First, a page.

During the heavy artillery fire on the afternoon of that day, preceding Longstreet's great charge, my regiment being badly exposed, I asked permission to advance it a little to the front, about 15 rods, so as to take advantage of some rocky points that emerged from the ground, and also the more favorable conformation of the ground. This was granted me, and I immediately advanced my regiment to the more favorable position, and the Fourteenth Vermont, which occupied the position next to my left, also advanced so as to conform to my line. This placed us that much farther to the front than the regiments to the right and left of us, but gave us a very favorable position, which we immediately strengthened with loose stones and rails that we found in the vicinity. Before we had fairly completed our little arrangements the great charge commenced, and the course they took brought them directly on these two regiments. Our general officers were quite solicitous for this position, General Hancock repeatedly coming to me and giving us the benefit of his advice and encouragement, and offered us supports, but my men, as well as those of the Fourteenth Regiment, expressed a desire to hold the place alone if they could. The heavy rebel column, which I need not describe, bore down steadily upon us until about half way from the Emmitsburg road to our position. Our men were directed to withhold their fire up to this time, when the two regiments rose up and poured in a volley that seemed to level their front rank and all mounted officers. We continued to pour in our fire as best we could, and very soon the charging column seemed to slacken and nearly halt. In this way they staggered for a moment, and commenced to move by their left flank toward a position more nearly in front of the cemetery. As our front became uncovered, I moved my regiment a little by the flank, so as to extricate my left from some shrubbery that partially surrounded and hid them, when I changed front forward on my right company, throwing my left flank toward the rebel main line of battle. The Fourteenth Regiment remained in their position. The Sixteenth Regiment, or a portion of it, were on the skirmish line, and were driven in by this charge.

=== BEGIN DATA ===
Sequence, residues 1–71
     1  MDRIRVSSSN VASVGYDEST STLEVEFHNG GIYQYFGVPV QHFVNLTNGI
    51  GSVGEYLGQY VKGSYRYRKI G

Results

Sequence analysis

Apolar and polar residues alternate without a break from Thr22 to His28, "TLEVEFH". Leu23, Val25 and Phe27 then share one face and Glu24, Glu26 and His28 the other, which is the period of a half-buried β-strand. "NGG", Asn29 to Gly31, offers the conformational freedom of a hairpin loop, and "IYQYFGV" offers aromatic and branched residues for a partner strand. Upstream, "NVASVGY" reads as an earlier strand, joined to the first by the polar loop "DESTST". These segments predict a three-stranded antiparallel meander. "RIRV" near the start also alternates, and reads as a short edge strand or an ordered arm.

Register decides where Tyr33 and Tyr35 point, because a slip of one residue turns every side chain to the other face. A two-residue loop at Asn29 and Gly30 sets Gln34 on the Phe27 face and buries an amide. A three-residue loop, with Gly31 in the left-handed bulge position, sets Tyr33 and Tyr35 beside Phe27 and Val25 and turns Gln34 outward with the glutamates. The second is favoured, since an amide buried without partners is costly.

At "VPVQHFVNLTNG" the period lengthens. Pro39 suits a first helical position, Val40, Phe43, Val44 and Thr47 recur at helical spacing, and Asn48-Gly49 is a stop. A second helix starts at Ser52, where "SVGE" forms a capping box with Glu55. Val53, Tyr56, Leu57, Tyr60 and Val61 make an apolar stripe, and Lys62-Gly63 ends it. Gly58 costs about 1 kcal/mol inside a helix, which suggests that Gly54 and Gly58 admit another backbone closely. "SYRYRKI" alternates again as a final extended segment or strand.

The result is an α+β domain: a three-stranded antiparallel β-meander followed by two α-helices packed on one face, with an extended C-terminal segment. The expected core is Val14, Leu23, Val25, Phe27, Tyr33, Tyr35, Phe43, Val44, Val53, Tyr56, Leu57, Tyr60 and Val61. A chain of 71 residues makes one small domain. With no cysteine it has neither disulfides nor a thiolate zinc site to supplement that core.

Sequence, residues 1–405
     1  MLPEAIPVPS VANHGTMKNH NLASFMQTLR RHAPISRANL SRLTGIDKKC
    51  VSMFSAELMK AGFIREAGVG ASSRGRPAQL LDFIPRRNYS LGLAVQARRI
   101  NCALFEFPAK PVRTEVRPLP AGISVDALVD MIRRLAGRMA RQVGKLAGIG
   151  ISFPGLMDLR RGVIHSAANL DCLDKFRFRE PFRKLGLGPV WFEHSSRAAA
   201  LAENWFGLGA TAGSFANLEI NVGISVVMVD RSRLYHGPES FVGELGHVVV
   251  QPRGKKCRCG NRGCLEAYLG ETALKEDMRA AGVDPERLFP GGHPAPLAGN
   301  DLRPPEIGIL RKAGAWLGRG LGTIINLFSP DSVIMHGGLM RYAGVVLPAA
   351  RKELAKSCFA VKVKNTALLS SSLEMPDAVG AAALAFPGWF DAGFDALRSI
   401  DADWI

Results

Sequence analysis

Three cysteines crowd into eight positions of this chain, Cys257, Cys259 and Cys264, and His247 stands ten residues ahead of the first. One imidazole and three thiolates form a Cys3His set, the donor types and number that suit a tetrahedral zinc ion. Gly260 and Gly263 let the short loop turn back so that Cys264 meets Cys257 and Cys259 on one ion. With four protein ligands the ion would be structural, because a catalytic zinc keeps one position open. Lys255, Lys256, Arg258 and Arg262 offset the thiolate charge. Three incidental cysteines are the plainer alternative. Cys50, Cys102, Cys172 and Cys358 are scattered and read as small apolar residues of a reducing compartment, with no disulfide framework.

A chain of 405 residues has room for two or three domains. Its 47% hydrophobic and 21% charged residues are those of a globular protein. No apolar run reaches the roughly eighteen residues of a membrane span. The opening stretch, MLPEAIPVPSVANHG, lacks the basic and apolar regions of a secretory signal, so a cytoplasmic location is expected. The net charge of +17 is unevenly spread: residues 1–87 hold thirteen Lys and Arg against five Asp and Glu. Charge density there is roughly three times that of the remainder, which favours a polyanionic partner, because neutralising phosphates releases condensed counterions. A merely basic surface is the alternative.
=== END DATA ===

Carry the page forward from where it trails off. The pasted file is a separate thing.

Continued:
General Doubleday at this time rode up to me, and assured me that my movement would be a success, and he ordered the regiments to my right to cease firing and allow me to pass in front of their line, which we did, following the rebel column so close that when they faced to charge up Cemetery Hill we were within 15 rods of them, and they passed directly in review before us, my men at the same time pouring one of the most withering fires I had ever beheld into their exposed flank. We had fired about 10 rounds per man when they seemed to be in utter confusion, and large numbers came in in rear of my regiment for shelter. I do not know how many prisoners my regiment captured, but I had apparently more than there were men in my regiment.